• Human resources needed to "know" its internal customers much better if it was to provide strategic services, realign HR personnel as soon as possible from a centralized to a distributed model, relocating them to offices close to their business peers and customers. This would require re-skilling some people to function as single point of contact generalists before dedicating them to business units and gradually re-insource more of mission critical services like recruiting.
  • Develop a communication plan to present HR’s transformation to first human resources personnel and immediately thereafter to all of Amalgamated Intercontinental’s employees. In addition to providing a clear, concise description of what human resources would "look like" and how it would operate in the future, the initial communication to HR personnel would stress that the initiative was not aimed at workforce reduction that, in fact, it presented several opportunities.
  • Investigate turning a portion of the company’s well-regarded Customer Relationship Management (CRM) system inward to regard employees as customers and business units as clients.
  • Liaison with IT to examine implementing a comprehensive, easily queried application (Enterprise Stakeholder Database, ESD) that drew together all employee data to promptly answer management’s questions as well as, after analysis, likely pose some. The design would incorporate a Competency Management System enabling self-assessment by recruits and current employees alike against levels of Knowledge, Skills and Behaviors (KSB, see figure 1) that formed the basis of organizational roles, replace Job Descriptions and link to (and eventually integrate with) the PMS and L&D applications. ESD would also be designed to yield Centers of Excellence (COE) in which every employee would have multiple memberships so that when questions arose, the appropriate COE(s) could be tasked with refining the knowledge management required to make data-driven decisions. (Click on diagram to enlarge.)

  • Assure recruiting data of promising candidates is reflected in the ESD so that periodic communication with them demonstrates on-going interest to generate a stream of potential pre-qualified and referred applicants.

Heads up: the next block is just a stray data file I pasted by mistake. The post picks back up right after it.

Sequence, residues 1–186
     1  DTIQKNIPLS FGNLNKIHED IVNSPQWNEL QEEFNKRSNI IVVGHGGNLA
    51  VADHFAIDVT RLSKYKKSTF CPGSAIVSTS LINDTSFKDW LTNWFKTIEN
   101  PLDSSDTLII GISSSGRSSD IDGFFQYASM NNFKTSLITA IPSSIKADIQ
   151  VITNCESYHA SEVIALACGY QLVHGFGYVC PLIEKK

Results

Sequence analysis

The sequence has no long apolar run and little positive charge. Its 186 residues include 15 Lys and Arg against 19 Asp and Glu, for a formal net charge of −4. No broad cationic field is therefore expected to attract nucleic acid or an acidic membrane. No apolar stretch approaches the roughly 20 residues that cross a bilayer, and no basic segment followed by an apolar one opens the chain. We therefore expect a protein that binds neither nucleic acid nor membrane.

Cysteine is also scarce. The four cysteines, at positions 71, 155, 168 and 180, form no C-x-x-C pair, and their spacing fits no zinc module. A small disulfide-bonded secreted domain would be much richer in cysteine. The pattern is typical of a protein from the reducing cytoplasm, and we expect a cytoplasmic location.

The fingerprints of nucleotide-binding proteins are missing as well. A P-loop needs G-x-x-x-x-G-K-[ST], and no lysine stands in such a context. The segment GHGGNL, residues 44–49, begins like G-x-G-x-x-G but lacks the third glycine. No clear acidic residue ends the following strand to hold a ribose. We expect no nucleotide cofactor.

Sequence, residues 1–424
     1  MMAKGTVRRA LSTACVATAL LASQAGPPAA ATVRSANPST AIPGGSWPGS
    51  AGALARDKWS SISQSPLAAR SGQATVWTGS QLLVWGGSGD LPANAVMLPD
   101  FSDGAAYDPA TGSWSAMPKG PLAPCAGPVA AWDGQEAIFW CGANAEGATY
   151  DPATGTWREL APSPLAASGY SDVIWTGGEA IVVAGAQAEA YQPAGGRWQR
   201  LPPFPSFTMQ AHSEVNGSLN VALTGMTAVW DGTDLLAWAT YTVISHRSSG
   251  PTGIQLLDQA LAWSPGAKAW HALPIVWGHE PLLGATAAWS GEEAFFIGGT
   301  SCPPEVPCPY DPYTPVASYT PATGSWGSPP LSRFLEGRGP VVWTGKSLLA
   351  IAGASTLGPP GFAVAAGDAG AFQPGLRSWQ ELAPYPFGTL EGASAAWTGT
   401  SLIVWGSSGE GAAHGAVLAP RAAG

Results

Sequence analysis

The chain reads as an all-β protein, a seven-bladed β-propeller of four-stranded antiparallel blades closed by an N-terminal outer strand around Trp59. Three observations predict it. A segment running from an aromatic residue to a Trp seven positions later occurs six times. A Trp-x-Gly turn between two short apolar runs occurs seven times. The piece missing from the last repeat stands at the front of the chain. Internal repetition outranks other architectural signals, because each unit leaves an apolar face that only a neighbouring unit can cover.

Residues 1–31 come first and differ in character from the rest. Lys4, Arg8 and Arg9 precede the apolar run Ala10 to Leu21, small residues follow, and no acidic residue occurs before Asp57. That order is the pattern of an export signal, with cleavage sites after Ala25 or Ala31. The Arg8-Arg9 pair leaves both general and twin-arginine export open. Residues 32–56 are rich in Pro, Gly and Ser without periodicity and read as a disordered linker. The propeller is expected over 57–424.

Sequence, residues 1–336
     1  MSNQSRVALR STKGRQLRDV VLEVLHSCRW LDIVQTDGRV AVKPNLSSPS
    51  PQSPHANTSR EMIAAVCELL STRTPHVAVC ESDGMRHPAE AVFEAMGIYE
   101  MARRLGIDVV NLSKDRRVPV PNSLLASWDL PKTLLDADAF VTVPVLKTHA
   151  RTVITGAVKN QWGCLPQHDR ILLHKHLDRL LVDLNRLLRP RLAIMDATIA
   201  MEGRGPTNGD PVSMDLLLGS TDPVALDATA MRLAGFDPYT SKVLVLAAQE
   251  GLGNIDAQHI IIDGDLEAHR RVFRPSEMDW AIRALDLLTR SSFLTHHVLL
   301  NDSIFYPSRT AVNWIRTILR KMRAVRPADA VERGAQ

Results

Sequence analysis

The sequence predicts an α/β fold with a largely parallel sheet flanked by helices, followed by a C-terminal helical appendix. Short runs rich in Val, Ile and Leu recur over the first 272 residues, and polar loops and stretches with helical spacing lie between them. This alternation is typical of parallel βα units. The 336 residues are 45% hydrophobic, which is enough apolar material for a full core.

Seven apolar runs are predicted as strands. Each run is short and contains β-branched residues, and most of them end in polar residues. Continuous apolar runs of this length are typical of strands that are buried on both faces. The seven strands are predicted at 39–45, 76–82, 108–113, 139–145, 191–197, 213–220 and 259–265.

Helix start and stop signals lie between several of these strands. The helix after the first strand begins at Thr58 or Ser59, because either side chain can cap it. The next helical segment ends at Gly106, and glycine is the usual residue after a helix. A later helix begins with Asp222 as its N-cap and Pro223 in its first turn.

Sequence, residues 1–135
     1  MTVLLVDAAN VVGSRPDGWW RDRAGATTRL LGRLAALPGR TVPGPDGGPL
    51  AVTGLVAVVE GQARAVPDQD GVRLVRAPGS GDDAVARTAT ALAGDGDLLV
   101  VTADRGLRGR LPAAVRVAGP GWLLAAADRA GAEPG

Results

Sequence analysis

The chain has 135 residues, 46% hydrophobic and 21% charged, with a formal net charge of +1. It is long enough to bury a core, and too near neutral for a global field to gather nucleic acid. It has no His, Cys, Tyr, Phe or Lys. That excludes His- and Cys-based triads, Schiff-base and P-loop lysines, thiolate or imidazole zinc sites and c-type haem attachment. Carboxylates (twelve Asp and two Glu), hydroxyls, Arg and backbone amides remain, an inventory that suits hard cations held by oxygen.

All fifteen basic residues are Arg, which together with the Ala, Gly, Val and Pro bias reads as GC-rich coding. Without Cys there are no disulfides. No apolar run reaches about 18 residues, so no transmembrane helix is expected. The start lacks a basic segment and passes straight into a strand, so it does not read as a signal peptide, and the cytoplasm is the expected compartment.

• Explore how establishing a presence on social networks could support recruiting.
  • In locations where Amalgamated Intercontinental had significant presence, explore sponsoring (or joining) a group that assured long-term supply of qualified entry-level personnel modeled perhaps on the INTERalliance.org concept.

While fixing the broken system and processes is vital to enabling HR to act as a strategic partner, it is equally important to recognize and develop leaders. As the aforementioned Glenn Tobe put it, "every company has pockets of excellence, people who informally optimize the teachable moments. Amplify what works. Leaders need to grow leaders not HR programs, new methodologies, new models, new processes and new languages. So, when you hear ideas like ‘talent stratification, career velocity, high potential,’ remember the human resources department has too much free time..." It is leaders throughout the organization that enable a business to quickly adjust to foreseen as well as unpredictable market forces. Flexible tools and a flexible mindset, both are what human resources need to offer.

Attracting, helping to manage the productivity and retaining the commitment of employees to an organization requires human resources to project a meaningful people-are-valued-here image into the company as well as out into the recruiting marketplace, especially with external recruiters if they are used.

Notes of caution:

  • Understand your company’s culture. What’s "right" for some organizations can yield disastrous results for others. Conduct a survey at the right time; start from where the organization "is" rather than be lulled into describing it as you or your boss would like it to be; move incrementally, iteratively in small steps at least at first if the organization is "anxious"; if complacent, see Jack Welch. In either case provide a clear vision of where you want to go, be open to advice from anyone and transparent when you need to change it.
  • Understand your company’s strategic plan. What are the hoped-for and actual trends? What talent was/will be required? Does what will be needed already reside somewhere among current employees? What likely gaps can’t be developed from within the current talent pool? What are historic lead times to develop and acquire the needed KSB?
  • Understand your clients and customers: A critical part beginning with the on-boarding process is getting frequent feedback from and on the new hires. Know what it costs your internal clients to hire people; what can be done to reduce these costs? How satisfied are they with the process and the candidates? How satisfied are they with the new hire or transfer? And finally, how satisfied are your customers, the new employee and his/her coworkers?
George Harth
Posted: 08/05/2009